This book addresses the critical terminologies of place and space (and their role within medieval studies) in a considered and critical manner, presenting a scholarly introduction written by the editors alongside thematic case studies that address a wide range of visual and textual material. The chapters consider the extant visual and textual sources from the medieval period alongside contemporary scholarly discussions to examine place and space in their wider critical context, and are written by specialists in a range of disciplines including art history, archaeology, history, and literature.
Table of Contents
Table of Contents
1 The Secret Language of Movement: Interior Encounters with Space and Transition during Medieval Pilgrimage
2 Distance and Embrace: Spatial Conditions of Access to the Volto Santo of Lucca
3 Cave of Hermits, Cave of Cult: Saints Andrew-Zoerard and Benedict and the Sacralization of the Medieval Hungarian Landscape
4 Processes of Religious Change in Late Iron Age Gotland: Rereading, Spatialization and Enculturation
Luke John Murphy
5 Planting the Cross in Anglo-Saxon England
6 "How Deserted Lies the City, Once So Full of People": the Reclamation of Intramural Space in Anglo-Saxon Literature
Michael D. J. Bintley
7 From the Space of the World to the Space of the Local: The Two Maps of Thomas Elmham
8 The Broighter Hoard: Mythology, Misrepresentation and Mystery
Aideen M. Ireland
9 The Ambiguity in Medieval Depictions of Abraham’s Bosom in the Areas and Spaces of the Christian Afterlife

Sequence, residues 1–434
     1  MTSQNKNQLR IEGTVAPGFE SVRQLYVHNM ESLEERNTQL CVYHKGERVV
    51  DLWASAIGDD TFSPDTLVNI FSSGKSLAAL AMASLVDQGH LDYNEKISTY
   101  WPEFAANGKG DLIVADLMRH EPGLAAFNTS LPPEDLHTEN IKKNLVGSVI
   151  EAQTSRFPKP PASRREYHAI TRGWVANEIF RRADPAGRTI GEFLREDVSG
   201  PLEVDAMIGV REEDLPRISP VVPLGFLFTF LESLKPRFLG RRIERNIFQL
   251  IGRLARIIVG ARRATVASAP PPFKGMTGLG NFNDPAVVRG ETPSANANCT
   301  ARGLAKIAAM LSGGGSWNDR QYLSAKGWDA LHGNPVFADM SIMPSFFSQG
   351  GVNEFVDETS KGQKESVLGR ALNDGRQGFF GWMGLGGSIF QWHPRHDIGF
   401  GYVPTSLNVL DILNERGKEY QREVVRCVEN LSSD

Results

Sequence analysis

Maria R. Grasso
10 Common Space or Cleft places? The Example of Beaulieu-sur-Dordogne, an Architectural and Figured Space
11 "And on the woghe wrytyn this was": Locating Three Dead Kings in the Parish Church Wall-Paintings of The Three Living and The Three Dead
12 Fictive Architecture and Pictorial Place: Altichiero da Zevio’s Oratory of St George in Padua (c.1379‒1384)
13 Defining Difference or Connecting Spaces? Similarity and Meaning in the Arian Baptistery, Ravenna
14 Heaven and Hall: Space and Place in Anglo-Saxon England
15 The Vanishing Spaces of Islamic Courts (Ninth–Tenth Centuries)
16 The Forming of an Apocalyptic Metageography: Muslim and Byzantine Apocalyptic Traditions and the Developing of a Shared Geographical Worldview
17 World Maps and Waterways: Place and Space in the Beatus Mappaemundi
18 The Bible as Map, On seeing God, Finding the way: Pilgrimage and Exegesis in Adomnán and Bede
Meg Boulton is a Research Affiliate with the Department of History of Art at the University of York, UK.
Jane Hawkes is Professor of Medieval Art History at the University of York, UK.
Heidi Stoner is a Leverhulme Early Career Fellow at Durham University, UK.